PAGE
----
In a recent decision, the Ninth Circuit held that drivers who signed up with Uber under its 2013 and 2014 contracts must resolve their disputes with the company in private, binding arbitration. The court found the contracts’ arbitration provisions enforceable, disagreeing with the trial court on this point. The court emphasized the agreements had opt-out provisions that were not illusory, because some drivers actually used them and exercised their choice not to arbitrate.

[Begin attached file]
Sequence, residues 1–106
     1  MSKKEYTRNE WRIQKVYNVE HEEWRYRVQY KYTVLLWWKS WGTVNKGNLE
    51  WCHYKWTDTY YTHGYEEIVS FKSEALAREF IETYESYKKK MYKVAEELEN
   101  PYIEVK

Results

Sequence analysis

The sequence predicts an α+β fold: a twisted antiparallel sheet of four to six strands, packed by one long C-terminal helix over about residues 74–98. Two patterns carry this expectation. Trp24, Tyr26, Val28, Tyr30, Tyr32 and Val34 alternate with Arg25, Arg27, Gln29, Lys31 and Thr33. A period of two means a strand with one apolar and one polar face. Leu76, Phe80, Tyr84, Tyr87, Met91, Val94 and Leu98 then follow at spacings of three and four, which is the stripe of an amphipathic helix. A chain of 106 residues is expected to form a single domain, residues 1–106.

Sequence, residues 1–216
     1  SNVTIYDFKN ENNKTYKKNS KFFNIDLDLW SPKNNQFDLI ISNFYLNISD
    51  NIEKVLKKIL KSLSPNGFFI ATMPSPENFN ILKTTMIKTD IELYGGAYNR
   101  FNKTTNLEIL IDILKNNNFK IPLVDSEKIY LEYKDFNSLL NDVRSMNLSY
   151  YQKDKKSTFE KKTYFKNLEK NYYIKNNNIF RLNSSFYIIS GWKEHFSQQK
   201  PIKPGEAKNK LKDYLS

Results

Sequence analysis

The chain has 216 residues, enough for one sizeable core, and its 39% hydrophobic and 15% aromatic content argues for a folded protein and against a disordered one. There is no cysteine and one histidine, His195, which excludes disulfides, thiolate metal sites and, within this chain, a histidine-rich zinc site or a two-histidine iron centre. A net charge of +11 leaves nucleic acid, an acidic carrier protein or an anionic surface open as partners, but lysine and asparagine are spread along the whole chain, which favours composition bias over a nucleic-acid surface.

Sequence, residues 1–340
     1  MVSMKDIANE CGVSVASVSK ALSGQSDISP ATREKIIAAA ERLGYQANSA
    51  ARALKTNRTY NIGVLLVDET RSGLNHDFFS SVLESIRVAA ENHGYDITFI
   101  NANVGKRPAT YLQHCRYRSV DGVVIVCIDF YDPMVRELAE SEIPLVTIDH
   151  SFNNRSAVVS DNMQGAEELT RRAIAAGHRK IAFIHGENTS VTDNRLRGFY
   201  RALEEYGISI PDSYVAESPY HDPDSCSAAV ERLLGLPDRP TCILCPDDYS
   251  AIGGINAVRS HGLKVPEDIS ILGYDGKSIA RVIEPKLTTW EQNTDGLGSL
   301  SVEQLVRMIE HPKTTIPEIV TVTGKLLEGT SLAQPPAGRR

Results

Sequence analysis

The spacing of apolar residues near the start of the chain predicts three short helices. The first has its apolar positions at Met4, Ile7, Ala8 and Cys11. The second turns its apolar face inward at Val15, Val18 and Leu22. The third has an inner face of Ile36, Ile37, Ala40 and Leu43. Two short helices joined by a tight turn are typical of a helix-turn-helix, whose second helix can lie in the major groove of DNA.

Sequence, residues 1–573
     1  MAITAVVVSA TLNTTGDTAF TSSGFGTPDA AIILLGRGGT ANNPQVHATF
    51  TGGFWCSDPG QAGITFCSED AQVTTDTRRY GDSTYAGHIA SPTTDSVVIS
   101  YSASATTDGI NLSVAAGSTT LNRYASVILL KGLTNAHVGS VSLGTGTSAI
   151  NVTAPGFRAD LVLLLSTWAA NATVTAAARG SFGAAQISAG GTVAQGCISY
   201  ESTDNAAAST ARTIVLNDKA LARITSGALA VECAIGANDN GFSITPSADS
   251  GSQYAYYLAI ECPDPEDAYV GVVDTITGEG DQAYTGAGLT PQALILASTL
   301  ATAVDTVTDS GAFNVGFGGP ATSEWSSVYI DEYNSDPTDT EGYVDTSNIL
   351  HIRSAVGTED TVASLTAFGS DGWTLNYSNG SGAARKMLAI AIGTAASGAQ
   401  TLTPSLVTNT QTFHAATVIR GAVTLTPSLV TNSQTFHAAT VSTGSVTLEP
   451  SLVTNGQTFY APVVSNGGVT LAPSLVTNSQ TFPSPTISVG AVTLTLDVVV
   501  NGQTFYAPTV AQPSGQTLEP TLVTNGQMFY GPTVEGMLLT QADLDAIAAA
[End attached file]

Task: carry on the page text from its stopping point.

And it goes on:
Though the decision has other nuances and implications, as far as arbitration opt-outs go it’s a roadmap for parties on both sides:
- For companies presenting an agreement, including and publicizing a reasonably straightforward way to opt out of binding arbitration is a good idea. It will tip courts toward enforcing your arbitration provisions down the road.
- For individuals presented with company-drafted contracts containing an arbitration clause — from gig economy workers, to medical patients, to tree trimming customers, to Pokemon Go players — it’s a good idea to look for an arbitration clause, and if it’s there, find the arbitration opt-out instructions and follow them. Preserving your right to a trial doesn’t rule out the ability to arbitrate a dispute if you’d like; the company would probably prefer it.